Social Media Policy
Why your company needs a social media policy
Social media can bring significant benefits to the Company, particularly for building relationships with current and potential clients, customers and/or suppliers. However, it is important that employees who use social media within the Company do so in a way that enhances the company’s prospects, companies can protect themselves by implementing social media policy within employee handbooks.
Risk of Social media in the workplace
There are many risks to the use of social media within a company, indicating the requirement for social media policy in the workplace, including:
1) a misjudged status update or inappropriate tweet, which can generate complaints or damage a company’s reputation. This can be caused either whilst using social media at work using office equipment or in an employee’s spare time on their own equipment at home. With the old distinction of work and home breaking down, an employer can take disciplinary action if it impacts upon the company regardless of whether it was posted at home or work, or on the employee’s own equipment or the employer’s.
2) An obvious risk to employers is employees wasting time by accessing social media regularly during working hours. By taking a minute to scroll through posts, it is easy to lose track of time and before you know it, 5 – 10 minutes have passed scrolling through Instagram. Multiply these minutes by the number of employees in the company and the amount of working time lost can be substantial.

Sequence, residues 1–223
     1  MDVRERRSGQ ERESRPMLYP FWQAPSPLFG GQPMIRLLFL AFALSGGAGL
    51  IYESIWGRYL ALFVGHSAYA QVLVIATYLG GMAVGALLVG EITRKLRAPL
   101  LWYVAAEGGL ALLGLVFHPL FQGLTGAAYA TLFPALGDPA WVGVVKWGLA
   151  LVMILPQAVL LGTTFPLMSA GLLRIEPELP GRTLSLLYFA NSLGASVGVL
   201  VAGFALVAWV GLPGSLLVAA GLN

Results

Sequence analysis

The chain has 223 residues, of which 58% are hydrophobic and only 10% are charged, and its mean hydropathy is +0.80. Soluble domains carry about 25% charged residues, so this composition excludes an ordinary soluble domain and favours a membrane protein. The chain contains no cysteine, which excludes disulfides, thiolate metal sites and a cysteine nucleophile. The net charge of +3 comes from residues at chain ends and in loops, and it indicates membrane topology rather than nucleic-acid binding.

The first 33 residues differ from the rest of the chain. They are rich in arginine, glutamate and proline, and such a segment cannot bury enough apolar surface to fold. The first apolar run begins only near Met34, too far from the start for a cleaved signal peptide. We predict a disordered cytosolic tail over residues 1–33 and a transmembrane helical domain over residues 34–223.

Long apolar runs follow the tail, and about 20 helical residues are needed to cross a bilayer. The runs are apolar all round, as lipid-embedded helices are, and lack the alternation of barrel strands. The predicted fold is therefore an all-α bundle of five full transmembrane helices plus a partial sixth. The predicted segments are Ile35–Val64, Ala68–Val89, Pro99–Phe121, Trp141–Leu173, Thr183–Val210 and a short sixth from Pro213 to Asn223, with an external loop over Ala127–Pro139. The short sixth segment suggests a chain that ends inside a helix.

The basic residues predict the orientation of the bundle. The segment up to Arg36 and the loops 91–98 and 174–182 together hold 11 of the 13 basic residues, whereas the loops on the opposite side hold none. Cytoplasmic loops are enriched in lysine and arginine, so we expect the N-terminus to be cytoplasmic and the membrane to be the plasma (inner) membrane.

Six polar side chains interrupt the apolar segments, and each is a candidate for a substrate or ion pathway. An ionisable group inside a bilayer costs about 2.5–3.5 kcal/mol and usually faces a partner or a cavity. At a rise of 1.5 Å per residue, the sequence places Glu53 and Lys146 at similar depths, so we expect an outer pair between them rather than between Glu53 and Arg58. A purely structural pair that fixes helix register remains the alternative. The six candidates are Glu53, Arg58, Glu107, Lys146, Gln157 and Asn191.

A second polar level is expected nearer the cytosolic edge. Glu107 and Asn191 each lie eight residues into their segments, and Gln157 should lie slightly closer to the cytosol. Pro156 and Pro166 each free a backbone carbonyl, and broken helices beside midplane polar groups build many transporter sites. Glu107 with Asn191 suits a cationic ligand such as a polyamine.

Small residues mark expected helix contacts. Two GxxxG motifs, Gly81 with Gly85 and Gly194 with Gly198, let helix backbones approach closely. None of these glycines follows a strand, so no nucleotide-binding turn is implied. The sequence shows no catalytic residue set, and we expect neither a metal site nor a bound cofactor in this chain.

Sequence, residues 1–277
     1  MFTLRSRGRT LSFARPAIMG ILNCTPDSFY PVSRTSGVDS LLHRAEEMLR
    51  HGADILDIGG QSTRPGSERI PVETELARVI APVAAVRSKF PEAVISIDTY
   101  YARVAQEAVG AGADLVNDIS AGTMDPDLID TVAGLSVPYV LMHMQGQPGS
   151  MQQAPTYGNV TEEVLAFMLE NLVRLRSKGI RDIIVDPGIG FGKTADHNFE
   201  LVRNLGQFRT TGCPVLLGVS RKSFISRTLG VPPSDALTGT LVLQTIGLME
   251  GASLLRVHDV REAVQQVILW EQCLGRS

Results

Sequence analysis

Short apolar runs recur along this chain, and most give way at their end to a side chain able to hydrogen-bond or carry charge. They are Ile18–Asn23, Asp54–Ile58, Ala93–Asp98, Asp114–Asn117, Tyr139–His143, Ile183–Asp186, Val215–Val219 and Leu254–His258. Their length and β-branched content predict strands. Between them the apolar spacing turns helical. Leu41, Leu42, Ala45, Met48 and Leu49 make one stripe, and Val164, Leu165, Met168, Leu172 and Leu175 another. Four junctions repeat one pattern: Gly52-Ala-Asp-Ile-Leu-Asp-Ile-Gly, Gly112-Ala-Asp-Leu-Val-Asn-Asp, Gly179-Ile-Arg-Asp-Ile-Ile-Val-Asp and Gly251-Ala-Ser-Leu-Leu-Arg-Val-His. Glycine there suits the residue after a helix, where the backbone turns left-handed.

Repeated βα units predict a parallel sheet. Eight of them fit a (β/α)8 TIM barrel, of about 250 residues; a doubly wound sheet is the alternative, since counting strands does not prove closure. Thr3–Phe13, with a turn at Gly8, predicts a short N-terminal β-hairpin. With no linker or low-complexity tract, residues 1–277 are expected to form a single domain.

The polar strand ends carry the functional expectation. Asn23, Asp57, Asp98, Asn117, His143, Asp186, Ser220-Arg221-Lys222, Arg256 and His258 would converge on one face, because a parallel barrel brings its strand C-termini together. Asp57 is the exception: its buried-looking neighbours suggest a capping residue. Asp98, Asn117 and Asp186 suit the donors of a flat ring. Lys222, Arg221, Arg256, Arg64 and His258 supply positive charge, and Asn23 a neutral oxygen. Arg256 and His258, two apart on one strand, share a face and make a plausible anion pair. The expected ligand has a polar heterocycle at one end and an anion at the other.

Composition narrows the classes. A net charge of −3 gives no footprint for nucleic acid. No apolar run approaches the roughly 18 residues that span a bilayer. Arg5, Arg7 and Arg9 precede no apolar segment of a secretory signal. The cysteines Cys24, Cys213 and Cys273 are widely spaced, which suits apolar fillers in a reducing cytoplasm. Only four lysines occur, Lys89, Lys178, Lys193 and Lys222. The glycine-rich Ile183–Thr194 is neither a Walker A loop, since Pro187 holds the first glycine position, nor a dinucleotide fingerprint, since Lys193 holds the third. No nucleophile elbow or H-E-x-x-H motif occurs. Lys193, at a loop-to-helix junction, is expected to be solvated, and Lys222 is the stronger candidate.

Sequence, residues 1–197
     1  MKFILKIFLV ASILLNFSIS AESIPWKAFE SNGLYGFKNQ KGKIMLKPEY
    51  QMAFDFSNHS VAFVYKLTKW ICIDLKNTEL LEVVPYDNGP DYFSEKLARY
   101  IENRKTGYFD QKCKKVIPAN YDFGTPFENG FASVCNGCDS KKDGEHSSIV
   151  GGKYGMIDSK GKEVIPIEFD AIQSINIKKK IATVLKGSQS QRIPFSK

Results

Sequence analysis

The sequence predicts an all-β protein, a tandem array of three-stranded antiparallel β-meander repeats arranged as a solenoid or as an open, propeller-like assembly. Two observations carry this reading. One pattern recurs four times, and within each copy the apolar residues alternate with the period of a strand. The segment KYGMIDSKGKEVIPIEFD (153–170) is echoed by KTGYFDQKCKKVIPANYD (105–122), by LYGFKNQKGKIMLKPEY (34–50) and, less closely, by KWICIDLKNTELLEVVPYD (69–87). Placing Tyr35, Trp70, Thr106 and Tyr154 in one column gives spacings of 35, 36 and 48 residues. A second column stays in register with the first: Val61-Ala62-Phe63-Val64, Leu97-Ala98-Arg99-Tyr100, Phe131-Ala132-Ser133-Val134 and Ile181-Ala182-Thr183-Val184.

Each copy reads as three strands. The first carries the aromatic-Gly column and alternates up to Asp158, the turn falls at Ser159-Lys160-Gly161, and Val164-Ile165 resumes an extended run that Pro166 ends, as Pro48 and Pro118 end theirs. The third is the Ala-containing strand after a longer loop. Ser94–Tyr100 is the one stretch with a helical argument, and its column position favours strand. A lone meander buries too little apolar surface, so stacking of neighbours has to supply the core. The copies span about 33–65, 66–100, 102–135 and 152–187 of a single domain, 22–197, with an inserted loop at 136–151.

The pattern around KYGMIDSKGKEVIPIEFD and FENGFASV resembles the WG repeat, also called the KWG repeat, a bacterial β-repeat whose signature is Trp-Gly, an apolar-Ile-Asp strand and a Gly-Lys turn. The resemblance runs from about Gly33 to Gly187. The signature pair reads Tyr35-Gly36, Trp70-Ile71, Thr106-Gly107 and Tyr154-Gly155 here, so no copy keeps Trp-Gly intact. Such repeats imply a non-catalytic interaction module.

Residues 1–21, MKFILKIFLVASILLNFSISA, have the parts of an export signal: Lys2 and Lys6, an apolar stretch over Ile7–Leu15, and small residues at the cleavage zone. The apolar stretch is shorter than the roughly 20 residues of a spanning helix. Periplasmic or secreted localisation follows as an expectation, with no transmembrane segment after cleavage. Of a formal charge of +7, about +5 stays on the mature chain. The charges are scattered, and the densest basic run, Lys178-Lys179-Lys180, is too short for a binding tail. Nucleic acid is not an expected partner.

3) A breach of confidentiality could arise and is potentially very dangerous for a company. This includes any disclose of trade secrets, information relating to clients, or the disclosure of any information that could result in a claim of breach of confidence. A breach of confidentiality could occur out of malice by a disgruntled employee, or it may be unintentional, for example, by an employee celebrating the achievement in work of signing up a new client.
4) Another threat is from employees defaming others using the employer’s social media platforms. Employees speak their own minds on social media through blogging and tweeting. Being sat in front of a computer can encourage bravery and result in strong opinions being expressed through controversial comments. There is a high risk of these comments getting re-tweeted or copied very quickly and spreading widely, especially if it involves a well-known person or organisation.
5) Employers need to carefully consider the pros and cons of “associating” with their employees online. On the one hand, doing so helps to foster a community spirit, on the other they may discover more than they might wish to, as might other employees. Employers not only have a liability to employees but also to prospective employees and should be discouraged from viewing social medial platforms during the recruitment process to avoid the possibility of a claim relating to candidates’ protected characteristics.
Why have a Social media policy?
To remove the risks associated with social media, employers should educate their employees on expectations of conduct on social media, especially if the company can be linked. The company should also be clear in setting out what is appropriate behaviour and what would constitute unacceptable use, through a well-drafted social media policy.
Our HR consultants can develop a Social media policy to fit your business requirements and needs, following current and up-to-date employment laws.
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